French game studio Dontnod loves the supernatural. The team’s breakout hit was the original Life is Strange, which starred a teenage girl who had the ability to rewind time. The sequel featured a young boy with telekinetic powers, and in 2018, the studio dabbled in roleplaying games with Vampyr, which put players in the role of a bloodthirsty denizen of the night. But around 2016, the team decided they wanted to create something a little more grounded.
They eventually landed on the idea for Twin Mirror, an adventure game about a former investigative journalist named Sam who ventures back to his hometown following the death of his best friend. Naturally, he gets wrapped up in a much bigger mystery involving the entire town. Sam does have some video game-esque abilities — including a “mind palace” for piecing together clues and solving mysteries — but there are no superpowers or mythological creatures.
“You want people to be able to understand the mystery,” game director Florian Desforges says of the decision to eschew the supernatural. “Yes, there are some supernatural elements in how we display Sam’s unique mind, but the story itself, the logic of what’s happening, the motivation of the characters, all of this is rooted in reality.”
While the team knew from the beginning that they wanted a grounded story, it took time to figure out what that story would be. The issue, according to Desforges, was that just because a story is interesting, that doesn’t mean it offers interesting ways to interact with it. What made Sam and his quest to uncover the secrets of his hometown compelling, says Desforges, is that it struck a balance between those two factors. The team loved the character and mystery, but they were also excited about creating ways for players to inhabit Sam’s investigative mind. “We were quite convinced we found the right mix between these two aspects,” Desforges says.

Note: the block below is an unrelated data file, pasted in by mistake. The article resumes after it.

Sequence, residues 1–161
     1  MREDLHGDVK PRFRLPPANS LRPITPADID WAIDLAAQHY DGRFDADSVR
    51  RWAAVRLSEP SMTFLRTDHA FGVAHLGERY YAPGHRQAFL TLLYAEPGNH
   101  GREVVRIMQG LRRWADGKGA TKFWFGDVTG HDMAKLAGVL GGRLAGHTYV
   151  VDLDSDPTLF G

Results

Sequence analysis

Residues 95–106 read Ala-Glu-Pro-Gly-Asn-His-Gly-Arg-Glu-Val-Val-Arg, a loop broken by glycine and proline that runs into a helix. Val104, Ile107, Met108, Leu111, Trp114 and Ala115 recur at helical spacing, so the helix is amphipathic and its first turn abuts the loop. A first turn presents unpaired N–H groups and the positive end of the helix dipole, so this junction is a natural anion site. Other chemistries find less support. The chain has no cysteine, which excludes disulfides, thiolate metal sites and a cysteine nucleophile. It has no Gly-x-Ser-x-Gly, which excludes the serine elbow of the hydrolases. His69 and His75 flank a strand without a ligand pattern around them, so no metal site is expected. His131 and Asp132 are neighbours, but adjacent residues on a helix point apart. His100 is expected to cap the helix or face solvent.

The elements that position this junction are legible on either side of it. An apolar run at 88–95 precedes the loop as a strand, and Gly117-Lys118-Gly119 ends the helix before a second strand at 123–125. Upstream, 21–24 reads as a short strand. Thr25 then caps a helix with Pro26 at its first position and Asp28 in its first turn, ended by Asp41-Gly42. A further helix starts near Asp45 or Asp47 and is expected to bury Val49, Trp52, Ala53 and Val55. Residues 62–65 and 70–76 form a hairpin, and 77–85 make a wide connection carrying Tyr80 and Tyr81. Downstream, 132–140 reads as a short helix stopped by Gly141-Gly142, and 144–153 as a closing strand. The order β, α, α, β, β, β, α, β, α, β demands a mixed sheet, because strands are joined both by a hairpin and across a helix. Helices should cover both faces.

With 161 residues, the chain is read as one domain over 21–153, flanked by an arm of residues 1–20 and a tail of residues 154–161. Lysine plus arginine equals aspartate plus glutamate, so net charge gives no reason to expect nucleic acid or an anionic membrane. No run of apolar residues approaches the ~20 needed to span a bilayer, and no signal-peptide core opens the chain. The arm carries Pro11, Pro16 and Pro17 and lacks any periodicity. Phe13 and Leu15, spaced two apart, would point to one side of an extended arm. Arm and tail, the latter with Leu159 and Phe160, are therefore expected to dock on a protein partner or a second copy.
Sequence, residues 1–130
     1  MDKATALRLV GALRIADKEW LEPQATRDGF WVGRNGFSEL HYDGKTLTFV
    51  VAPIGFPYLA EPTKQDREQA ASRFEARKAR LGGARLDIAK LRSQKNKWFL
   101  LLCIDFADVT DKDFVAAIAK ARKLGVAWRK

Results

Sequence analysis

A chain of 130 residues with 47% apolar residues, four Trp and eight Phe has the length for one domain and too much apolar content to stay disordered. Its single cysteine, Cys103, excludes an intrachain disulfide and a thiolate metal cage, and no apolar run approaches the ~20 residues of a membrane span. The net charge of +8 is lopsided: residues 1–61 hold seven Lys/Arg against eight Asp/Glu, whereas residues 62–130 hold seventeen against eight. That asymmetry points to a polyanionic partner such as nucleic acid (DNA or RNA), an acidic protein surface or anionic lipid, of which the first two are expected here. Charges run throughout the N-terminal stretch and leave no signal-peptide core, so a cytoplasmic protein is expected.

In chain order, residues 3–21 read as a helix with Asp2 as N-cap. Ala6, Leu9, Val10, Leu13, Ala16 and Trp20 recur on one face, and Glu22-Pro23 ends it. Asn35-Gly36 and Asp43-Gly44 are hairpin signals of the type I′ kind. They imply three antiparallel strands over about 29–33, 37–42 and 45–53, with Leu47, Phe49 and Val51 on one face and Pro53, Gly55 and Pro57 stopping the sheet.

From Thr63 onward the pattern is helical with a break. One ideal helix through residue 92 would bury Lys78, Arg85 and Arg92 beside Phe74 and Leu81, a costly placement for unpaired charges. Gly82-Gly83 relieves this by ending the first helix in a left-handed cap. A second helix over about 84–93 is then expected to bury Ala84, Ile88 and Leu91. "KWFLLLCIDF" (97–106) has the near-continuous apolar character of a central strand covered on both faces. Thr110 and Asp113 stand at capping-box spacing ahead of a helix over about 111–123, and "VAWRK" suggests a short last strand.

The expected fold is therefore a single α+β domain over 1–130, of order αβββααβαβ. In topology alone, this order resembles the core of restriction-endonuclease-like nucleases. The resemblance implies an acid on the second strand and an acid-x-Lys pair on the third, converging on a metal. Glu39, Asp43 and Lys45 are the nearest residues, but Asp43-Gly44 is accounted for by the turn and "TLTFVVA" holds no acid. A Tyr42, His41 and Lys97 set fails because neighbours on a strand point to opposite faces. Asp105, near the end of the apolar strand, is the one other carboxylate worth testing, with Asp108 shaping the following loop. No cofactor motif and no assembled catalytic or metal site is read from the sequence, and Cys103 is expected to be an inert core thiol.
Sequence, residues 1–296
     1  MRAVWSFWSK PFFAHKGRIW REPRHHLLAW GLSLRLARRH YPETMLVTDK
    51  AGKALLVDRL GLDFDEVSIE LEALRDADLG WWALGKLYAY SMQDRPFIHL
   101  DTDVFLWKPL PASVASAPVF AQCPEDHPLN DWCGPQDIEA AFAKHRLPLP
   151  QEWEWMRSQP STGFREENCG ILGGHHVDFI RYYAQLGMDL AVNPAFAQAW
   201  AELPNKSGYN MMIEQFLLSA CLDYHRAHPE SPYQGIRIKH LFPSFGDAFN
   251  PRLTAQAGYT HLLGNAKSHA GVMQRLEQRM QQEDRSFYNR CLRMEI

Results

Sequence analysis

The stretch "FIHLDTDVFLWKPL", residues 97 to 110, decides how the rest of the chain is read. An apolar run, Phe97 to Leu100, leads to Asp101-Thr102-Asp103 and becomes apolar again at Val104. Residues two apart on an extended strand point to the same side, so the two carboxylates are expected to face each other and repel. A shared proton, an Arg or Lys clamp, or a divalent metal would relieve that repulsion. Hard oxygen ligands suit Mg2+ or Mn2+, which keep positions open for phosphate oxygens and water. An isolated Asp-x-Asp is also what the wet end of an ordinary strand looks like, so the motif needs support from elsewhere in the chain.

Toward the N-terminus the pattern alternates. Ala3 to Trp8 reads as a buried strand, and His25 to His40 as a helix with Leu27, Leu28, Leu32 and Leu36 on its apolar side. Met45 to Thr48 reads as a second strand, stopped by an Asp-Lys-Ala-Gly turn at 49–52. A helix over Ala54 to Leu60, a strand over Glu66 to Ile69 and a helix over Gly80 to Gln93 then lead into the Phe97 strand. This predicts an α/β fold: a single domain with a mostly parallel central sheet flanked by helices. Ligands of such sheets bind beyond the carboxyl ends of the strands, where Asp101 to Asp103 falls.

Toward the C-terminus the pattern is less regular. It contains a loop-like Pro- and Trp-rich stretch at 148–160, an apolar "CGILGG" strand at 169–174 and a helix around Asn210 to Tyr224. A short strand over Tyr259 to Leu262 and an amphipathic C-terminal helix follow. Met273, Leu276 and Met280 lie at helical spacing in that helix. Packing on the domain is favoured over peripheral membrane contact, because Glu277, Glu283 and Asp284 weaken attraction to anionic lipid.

Much like Life is Strange, Twin Mirror plays out as a third-person adventure game, one where players interact with the world but also make critical choices that can influence how the story plays out. A key difference is tone. Because it’s billed as a psychological thriller, the team at Dontnod wanted to ensure that Twin Mirror felt tense. Originally, the plan was to release Twin Mirror as a series of episodes, much like Life is Strange.
However, around 2018, the team did some major reworking of the game based on playtesting, which included restructuring it into a single, non-episodic experience and pushing back the release date. They had all of the right elements, but things just weren’t gelling. “Trying to split it into pieces, sometimes it was breaking down the rhythm,” says Dontnod’s head of publishing Xavier Spinat. The process involved some extensive rewrites of the story to make it flow as a seamless whole, as well as restructuring the logic of some of the choices.
Twin Mirror takes place in a small town in West Virginia, which is becoming something of a theme for Dontnod. The French developers seem particularly enamored with Americana; the first Life is Strange took place in the picturesque Arcadia Bay, a fictional town in Oregon, while its sequel was a desperate road trip that spanned from Washington to Mexico. The upcoming Tell Me Why, meanwhile, is set in Alaska. “As a thriller, we were looking for something with some character,” Spinat says of the West Virginia setting. “We also wanted a place that wasn’t a big city.”
The new game is slated to launch later this year, and it’s coming to PS4, Xbox One, and PC (it’ll be an Epic Game Store exclusive for one year). Twin Mirror has been in development for several years, and, as is the case with most games at the moment, that process has slowed recently due to the ongoing pandemic. Dontnod’s production is a particularly international one; it’s a French studio working with a Japanese publisher that has testers in Romania, motion capture work done in Germany, actors in Poland, and voice recordings done in the US. Managing all of that has been tricky, but the team says production is still going strong.
“We have still managed to move forward,” says Spinat, “but much more slowly than we would like.”